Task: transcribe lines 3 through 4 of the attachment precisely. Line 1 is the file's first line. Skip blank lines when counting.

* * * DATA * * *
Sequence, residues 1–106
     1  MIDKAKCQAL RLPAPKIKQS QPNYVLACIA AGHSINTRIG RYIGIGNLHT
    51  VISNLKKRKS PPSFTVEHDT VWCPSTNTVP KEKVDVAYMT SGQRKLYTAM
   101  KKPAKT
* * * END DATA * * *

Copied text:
    51  VISNLKKRKS PPSFTVEHDT VWCPSTNTVP KEKVDVAYMT SGQRKLYTAM
   101  KKPAKT